The Passage Page 31

"I'm here to ask a favor."

Wolgast hadn't uttered a word in days. When he tried to answer, his windpipe felt half-closed, thickened from disuse; his voice emerged as a croak.

"I'm done with favors."

Sykes drew in a long breath. A stale smell was rising off him, dried sweat and old polyester. For a moment he let his eyes drift around the tiny room.

"Probably this all seems a little ... ungrateful. I admit that."

"Fuck yourself." It pleased Wolgast enormously to say this.

"I'm here about the girl, Agent."

"Her name," Wolgast said, "is Amy."

"I know her name. I know a great deal about her."

"She's six. She likes pancakes and carnival rides. She has a toy rabbit named Peter. You're a heartless prick, you know that, Sykes?"

Sykes withdrew an envelope from the pocket of his coat and placed it on the table. Inside were two photographs. One was a picture of Amy, taken, Wolgast guessed, at the convent. Probably it was the same one that had gone out with the Amber Alert. The second was a high school yearbook photo. The woman in the picture was obviously Amy's mother. The same dark hair, the same delicate arrangement of the facial bones, the same deep-set, melancholy eyes, though suffused, at the instant that the shutter opened, with a warm, expectant light. Who was this girl? Did she have friends, family, a boyfriend? A favorite subject in school? A sport she loved and was good at? Did she have secrets, a story of herself that no one knew? What did she hope her life would become? She was positioned at a three-quarter angle to the camera, looking over her right shoulder, wearing what looked like a prom dress, pale blue; her shoulders were bare. At the bottom of the photo was a caption: "Mason Consolidated High School, Mason, IA."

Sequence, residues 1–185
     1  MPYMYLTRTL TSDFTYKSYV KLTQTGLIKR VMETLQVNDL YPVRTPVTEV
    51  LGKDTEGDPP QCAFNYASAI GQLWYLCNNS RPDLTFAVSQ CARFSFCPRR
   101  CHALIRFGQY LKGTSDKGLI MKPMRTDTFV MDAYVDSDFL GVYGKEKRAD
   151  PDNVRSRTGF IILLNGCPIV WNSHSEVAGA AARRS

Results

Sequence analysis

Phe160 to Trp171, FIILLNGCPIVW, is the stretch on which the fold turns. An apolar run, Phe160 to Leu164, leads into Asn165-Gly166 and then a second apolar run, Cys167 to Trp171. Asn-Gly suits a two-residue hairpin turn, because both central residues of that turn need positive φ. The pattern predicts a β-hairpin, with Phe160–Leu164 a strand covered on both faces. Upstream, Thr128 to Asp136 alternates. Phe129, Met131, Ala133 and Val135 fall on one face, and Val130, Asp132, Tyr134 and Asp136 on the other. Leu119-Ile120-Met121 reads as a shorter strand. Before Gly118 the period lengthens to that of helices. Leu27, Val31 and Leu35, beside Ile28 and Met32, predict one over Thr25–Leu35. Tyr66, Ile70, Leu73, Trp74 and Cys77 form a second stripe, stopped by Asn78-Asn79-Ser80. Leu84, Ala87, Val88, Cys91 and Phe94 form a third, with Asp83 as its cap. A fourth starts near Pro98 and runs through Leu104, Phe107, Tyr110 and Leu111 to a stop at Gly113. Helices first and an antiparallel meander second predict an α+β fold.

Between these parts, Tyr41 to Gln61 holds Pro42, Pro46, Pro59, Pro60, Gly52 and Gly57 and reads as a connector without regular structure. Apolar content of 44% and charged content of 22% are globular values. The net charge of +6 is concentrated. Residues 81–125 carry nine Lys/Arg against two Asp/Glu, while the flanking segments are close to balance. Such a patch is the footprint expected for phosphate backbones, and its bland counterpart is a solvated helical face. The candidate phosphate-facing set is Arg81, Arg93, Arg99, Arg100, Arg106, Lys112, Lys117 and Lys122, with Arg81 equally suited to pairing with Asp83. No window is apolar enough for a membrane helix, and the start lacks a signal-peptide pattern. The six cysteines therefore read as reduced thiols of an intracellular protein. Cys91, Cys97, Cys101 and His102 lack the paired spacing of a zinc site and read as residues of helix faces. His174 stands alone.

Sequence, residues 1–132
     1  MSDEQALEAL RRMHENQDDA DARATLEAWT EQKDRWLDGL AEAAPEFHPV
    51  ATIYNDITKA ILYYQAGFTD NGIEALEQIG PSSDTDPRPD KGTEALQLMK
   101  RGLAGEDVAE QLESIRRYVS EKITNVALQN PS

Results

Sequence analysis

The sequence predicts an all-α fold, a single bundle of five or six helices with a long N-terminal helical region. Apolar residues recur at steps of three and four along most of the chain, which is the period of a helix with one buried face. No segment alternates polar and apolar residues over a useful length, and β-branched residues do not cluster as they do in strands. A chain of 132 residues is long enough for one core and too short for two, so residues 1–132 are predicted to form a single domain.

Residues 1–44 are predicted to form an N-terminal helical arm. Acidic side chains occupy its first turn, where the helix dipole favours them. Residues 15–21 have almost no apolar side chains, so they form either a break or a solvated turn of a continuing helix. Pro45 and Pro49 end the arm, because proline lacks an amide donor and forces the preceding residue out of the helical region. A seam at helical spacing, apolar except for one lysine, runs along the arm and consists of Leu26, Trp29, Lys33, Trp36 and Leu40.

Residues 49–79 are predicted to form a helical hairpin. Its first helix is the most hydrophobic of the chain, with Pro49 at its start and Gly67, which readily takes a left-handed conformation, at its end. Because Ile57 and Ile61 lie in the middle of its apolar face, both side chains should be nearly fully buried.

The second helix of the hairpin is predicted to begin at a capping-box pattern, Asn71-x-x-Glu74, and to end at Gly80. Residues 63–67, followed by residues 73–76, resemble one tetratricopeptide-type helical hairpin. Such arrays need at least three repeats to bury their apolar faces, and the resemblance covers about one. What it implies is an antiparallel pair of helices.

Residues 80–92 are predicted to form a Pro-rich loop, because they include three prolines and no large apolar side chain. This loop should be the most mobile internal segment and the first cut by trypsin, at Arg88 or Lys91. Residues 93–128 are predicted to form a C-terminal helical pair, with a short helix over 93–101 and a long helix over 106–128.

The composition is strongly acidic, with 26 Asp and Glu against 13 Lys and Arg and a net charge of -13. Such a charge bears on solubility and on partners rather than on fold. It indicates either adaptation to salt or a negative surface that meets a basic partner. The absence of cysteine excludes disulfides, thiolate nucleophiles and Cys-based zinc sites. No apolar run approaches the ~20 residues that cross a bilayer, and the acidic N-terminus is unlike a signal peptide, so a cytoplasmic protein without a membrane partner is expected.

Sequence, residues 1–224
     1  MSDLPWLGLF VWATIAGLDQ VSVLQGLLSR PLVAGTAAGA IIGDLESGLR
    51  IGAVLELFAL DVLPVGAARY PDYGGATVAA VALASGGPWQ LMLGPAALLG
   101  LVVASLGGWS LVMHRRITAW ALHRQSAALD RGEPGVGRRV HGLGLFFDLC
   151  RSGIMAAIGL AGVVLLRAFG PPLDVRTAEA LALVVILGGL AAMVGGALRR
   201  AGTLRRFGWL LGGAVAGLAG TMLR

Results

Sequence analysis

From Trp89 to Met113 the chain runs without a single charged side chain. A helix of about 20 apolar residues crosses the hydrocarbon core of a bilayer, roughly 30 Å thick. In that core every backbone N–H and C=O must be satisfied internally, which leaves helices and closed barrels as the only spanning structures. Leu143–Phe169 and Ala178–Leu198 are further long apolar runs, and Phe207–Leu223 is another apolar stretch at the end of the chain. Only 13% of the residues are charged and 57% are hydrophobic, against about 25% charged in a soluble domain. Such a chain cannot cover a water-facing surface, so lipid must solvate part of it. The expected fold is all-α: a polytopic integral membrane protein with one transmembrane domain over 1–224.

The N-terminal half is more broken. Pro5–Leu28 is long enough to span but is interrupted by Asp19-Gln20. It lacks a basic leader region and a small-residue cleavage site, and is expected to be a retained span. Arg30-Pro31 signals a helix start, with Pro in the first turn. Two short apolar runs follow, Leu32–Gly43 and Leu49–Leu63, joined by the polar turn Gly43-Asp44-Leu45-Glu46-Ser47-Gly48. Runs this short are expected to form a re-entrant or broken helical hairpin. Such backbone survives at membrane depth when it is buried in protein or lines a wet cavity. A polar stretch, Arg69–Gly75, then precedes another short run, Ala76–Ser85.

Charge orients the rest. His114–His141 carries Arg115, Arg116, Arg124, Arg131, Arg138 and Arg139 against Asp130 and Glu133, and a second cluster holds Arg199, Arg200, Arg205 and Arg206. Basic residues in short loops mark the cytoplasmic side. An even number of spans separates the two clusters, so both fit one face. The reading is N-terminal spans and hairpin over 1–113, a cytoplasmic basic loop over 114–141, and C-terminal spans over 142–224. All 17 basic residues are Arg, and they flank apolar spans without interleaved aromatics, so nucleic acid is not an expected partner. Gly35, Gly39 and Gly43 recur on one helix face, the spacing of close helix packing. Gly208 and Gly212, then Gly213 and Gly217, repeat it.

"Her mother was a prostitute. The night before she left Amy at the convent, she shot a trick on the front lawn of a frat house. For the record."

Wolgast wanted to say, So? How was any of that Amy's fault? But the image of the woman in the photograph-not even really a woman, just a girl herself-belayed his anger. Maybe Sykes wasn't even telling the truth. He put the photo down. "What happened to her?"

Sykes lifted his shoulder in a shrug. "No one knows. Gone."

"And the nuns?"

A shadow skittered across Sykes's face. Wolgast could tell that he'd hit the mark without even meaning to. Jesus, he thought. The nuns, too? Had it been Richards or somebody else?

"I don't know," Skyes answered.

"Look at you," Wolgast said. "Yes, you do."

Sykes said nothing more about it, his silence telling Wolgast, This line of conversation is over. He rubbed his eyes and returned the photos to their envelope and put it away.

"Where is she?"

"Agent, the thing is-"

"Where's Amy?"

Sykes cleared his throat again. "That's the reason I'm here, you see," he said. "The favor. We think Amy may be dying."

Wolgast wasn't allowed to ask any questions. He wasn't allowed to speak to anyone, or look around, or step from Sykes's line of vision. A detail of two soldiers led him across the compound, through the damp morning light. The air felt and smelled like spring. After almost five weeks in his room, Wolgast found himself taking deep, hungry breaths. The sun was painful to his eyes.

Once they were in the Chalet, Sykes took him down an elevator, four floors. They exited onto an empty hallway, Spartan and white, like a hospital. Wolgast guessed they were fifty feet belowground, maybe more. Whatever Sykes's people kept down here, they wanted at least that much dirt separating it from the world above. They came to a door marked MAIN LAB, but Sykes passed it without slowing his stride. More doors, and then they came to the one Sykes wanted. He slid a card through the reader and opened it.

Wolgast found himself in some kind of observation room. On the other side of the broad window, in dim, blue light, Amy's small form lay on a hospital bed, alone. She was connected to an IV, but that was all. Beside her bed was a plastic chair, empty. From tracks on the ceiling hung a group of color-coded hoses, coiled like the pneumatic hoses at a garage. Otherwise the room was bare.

"This is him?"

Wolgast turned to see a man he hadn't noticed before. He was wearing a lab coat and green scrubs, like Wolgast's.

"Agent Wolgast, this is Dr. Fortes."

They nodded without shaking hands. Fortes was young, not even thirty. Wolgast wondered if he was an MD or something else. Like Sykes, Fortes appeared exhausted, physically spent. His skin was oily, and he needed a haircut and a shave. His glasses looked like they hadn't been cleaned in a month.